Searching for the ‘Lone Wolf’

by | Dec 7, 2015


The post incident analysis of events in San Bernardino is quite amazing to behold. Rather than admit that so-called terrorists might just be products of Washington’s follies overseas, the American media, government, and chattering class all seem to be in search of new labels to explain away their inability to understand, anticipate, and possibly even stop terrorist attacks.

Today’s spin is that we are now going through a phase of “lone wolf,” which is an insult to wolves everywhere, though one quickly discovers that “lone wolf” is somewhat interchangeable with another heavyweight academic concept called “leaderless resistance.” By alleging that there is a new type of enemy out there operating under a couple of serious sounding labels requiring adjustments in counter-terrorist procedures it is possible for those in charge to avoid any blame for innocent civilians being massacred.

In reality no one in Washington should be surprised because nothing has changed. Revolutionary and anarchist groups, going back to Czarist times if not before, were not stupid. They figured out that if you have a broadly based movement the government will inevitably insert informants and you will all wind up in jail. Or worse.

So you make much smaller the circle of people who are privy to what you are really doing. The first response by such groups to penetration by the authorities historically speaking was the employment of unconnected cells that might individually be rolled up without revealing the identity or plans of other cells.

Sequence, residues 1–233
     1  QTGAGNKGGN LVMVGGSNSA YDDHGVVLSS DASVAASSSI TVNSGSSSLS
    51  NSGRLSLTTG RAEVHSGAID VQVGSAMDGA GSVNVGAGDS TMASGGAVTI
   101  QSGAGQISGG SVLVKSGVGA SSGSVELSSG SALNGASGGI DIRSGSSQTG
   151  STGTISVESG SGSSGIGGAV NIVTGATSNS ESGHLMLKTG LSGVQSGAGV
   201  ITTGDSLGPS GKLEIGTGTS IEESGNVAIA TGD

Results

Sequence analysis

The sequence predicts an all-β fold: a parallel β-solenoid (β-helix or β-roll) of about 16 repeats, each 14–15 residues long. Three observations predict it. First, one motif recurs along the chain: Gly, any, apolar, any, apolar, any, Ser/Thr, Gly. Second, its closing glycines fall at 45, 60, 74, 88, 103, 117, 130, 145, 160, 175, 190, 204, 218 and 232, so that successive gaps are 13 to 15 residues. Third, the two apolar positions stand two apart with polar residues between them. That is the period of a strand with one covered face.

But even cells could be penetrated, so more narrowing took place. Recently, groups like al-Qaeda have gone over to what has been referred to as a franchise arrangement whereby supporters pledge allegiance in a nominal way but raise their own funds, obtain their own weapons and select their own targets. As they are not communicating their arrangements with “headquarters” the risk of exposure is reduced dramatically. That is the essence of what is now being referred to as “lone wolf attacks” or “leaderless resistance.” The bombings of transport systems in Madrid in 2004 and London in 2005 were attacks of that type, so the concept is not exactly new and did not originate with Anwar al-Awlaki in Yemen, as has sometimes been alleged, even if he picked up pointers during his upbringing in a US allegedly overrun with angry heavily armed rednecks plotting insurrection.

The Boston Marathon bombers were also local products, self-supporting and self-directed. Which of course leads to the other cute phrase for the media to pick up on to describe yet another grave threat to the Motherland – “home grown.” If this process continues eventually we will likely have a cornucopia of labels to describe every single terrorist incident, each one fitting like a bespoke suit. But we will be no closer to ending terrorism as we know it or understanding its motivation even if we do create a data base of all American Muslims as has been suggested by some politicians and security “experts.” Or we could convene a board of very smart university professors who can construct a mathematical model to identify those reported thousands of Islamic militants that are running around loose in the United States waiting to go ballistic. Once we know who they are we can deal with them appropriately.

Of course since we would already have an all-Muslim data base comprising innocent and guilty alike we could either lock them all up, which would be a great boon to the economy through building hundreds of new prisons, or we could just ship them all off to some uninhabited island somewhere.


  • Philip Giraldi

    Philip Giraldi is an American columnist, commentator and security consultant. He is the Executive Director of the Council for the National Interest, a role he has held since 2010.